The parcel industry is changing at lightning speed due to the growth of e-commerce, and the demand placed on parcel shippers – and notably their infrastructure – is increasing dramatically. In 2017, there were 12.7 billion shipments in the US alone, according to the Journal of Commerce. Industry forecasts estimate that, in the next few years, as many as 100 billion parcels may be shipped worldwide. This growth is happening at a time when labor availability is becoming scarce, consumers are demanding more, and the parcel distribution mix is changing. The impact of the growth of e-commerce is well known, and parcel shippers must respond now to meet the challenges of this growth.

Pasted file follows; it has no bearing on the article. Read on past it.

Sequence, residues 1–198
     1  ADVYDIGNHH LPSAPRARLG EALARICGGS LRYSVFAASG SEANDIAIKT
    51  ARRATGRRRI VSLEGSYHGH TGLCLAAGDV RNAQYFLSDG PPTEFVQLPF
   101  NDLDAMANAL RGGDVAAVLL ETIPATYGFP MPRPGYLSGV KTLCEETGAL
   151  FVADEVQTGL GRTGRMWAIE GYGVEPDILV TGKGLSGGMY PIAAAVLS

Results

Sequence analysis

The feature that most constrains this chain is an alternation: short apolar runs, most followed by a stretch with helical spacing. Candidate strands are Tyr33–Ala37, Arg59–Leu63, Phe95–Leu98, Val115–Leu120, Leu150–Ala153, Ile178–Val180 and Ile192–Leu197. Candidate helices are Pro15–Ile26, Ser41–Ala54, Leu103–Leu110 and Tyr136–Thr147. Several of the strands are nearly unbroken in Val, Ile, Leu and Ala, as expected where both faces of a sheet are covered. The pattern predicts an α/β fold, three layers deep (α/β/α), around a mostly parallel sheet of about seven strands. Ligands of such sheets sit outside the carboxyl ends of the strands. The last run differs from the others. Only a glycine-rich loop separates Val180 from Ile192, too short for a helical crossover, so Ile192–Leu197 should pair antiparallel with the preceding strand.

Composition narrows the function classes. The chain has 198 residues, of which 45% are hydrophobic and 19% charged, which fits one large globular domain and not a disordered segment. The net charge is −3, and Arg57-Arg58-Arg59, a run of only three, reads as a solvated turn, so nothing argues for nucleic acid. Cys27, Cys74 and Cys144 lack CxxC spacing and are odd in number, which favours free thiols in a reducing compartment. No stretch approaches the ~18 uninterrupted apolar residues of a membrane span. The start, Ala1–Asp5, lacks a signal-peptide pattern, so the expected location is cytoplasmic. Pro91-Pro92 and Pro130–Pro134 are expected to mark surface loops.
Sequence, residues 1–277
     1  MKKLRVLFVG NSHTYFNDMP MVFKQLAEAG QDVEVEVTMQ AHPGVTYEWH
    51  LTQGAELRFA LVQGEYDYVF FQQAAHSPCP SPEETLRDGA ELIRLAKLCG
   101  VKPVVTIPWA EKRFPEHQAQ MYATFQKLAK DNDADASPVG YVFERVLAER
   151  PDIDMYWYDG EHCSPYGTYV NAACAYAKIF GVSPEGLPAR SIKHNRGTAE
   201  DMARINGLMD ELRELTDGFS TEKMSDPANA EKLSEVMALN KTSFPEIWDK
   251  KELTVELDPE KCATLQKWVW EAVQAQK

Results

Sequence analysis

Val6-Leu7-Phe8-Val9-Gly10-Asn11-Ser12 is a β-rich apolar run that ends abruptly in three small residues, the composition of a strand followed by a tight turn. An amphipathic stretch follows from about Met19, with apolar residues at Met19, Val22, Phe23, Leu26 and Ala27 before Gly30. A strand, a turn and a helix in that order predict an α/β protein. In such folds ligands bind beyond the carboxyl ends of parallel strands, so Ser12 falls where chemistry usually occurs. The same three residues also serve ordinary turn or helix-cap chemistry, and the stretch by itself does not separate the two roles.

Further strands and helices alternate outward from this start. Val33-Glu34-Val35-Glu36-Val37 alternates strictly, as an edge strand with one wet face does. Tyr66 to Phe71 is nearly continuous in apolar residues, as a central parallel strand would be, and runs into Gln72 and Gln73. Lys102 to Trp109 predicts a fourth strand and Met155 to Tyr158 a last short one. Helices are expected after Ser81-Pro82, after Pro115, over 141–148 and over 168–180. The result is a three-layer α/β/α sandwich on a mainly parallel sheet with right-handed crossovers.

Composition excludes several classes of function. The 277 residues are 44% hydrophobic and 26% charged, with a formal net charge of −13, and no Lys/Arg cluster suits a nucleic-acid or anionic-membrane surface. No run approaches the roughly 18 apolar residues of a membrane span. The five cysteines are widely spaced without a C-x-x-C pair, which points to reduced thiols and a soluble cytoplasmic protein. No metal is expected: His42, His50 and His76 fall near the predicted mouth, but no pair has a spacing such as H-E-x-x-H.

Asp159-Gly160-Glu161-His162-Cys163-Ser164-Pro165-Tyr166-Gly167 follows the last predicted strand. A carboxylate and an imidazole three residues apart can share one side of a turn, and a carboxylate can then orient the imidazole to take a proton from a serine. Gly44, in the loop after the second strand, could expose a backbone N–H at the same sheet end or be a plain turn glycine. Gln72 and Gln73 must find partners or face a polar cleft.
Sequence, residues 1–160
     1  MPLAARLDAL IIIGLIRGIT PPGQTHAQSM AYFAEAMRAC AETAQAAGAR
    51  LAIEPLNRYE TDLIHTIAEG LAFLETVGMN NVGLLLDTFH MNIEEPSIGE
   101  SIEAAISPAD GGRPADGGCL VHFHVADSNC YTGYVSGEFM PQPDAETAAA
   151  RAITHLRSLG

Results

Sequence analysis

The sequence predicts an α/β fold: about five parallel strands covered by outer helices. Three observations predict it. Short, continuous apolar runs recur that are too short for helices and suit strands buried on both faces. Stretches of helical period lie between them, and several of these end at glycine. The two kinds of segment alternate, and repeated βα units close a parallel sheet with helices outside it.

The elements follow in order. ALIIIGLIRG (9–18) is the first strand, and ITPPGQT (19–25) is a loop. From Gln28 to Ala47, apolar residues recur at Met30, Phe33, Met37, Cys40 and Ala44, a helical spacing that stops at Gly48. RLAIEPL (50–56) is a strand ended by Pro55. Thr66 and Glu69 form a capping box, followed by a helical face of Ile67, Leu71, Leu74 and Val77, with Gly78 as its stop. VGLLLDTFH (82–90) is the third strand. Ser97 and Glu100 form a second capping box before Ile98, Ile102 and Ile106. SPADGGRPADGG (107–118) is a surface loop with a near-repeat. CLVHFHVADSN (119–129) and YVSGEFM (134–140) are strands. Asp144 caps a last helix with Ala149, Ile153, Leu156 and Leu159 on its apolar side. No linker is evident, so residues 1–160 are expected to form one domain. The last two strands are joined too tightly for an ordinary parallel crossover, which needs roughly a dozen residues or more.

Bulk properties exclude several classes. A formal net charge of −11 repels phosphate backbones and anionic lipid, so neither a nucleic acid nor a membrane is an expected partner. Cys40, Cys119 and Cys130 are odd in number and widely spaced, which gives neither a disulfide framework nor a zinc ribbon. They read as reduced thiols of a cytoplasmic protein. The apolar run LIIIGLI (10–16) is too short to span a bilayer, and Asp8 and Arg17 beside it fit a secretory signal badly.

Industry Challenges

In addition to record low unemployment figures, there has been an overall shift toward higher paying jobs that are less physically demanding. As a result, companies are increasingly facing the challenge of competing for talent in a shrinking pool of workers — an issue that has particularly impacted the e-commerce industry. Furthermore, as online shopping continues to become the preferred choice for consumers, they are demanding more from their online experience. More product choices, faster deliveries, increased visibility into the order and delivery process, flexibility of delivery, no hassle returns, and bigger and smaller products are all demands that consumers are placing on e-commerce companies. For parcel companies, this is driving growth of the parcel volumes while decreasing the available window of the parcel delivery process.

Remaining Competitive